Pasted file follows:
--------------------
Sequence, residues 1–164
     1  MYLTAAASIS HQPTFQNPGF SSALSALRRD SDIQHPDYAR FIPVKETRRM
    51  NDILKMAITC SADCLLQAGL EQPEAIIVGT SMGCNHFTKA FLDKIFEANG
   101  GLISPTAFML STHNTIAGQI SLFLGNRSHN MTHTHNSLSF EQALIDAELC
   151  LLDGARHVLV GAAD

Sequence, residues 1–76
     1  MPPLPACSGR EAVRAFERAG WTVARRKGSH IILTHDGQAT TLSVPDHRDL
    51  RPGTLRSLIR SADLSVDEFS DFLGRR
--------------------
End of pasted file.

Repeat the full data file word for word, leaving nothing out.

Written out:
Sequence, residues 1–164
     1  MYLTAAASIS HQPTFQNPGF SSALSALRRD SDIQHPDYAR FIPVKETRRM
    51  NDILKMAITC SADCLLQAGL EQPEAIIVGT SMGCNHFTKA FLDKIFEANG
   101  GLISPTAFML STHNTIAGQI SLFLGNRSHN MTHTHNSLSF EQALIDAELC
   151  LLDGARHVLV GAAD

Sequence, residues 1–76
     1  MPPLPACSGR EAVRAFERAG WTVARRKGSH IILTHDGQAT TLSVPDHRDL
    51  RPGTLRSLIR SADLSVDEFS DFLGRR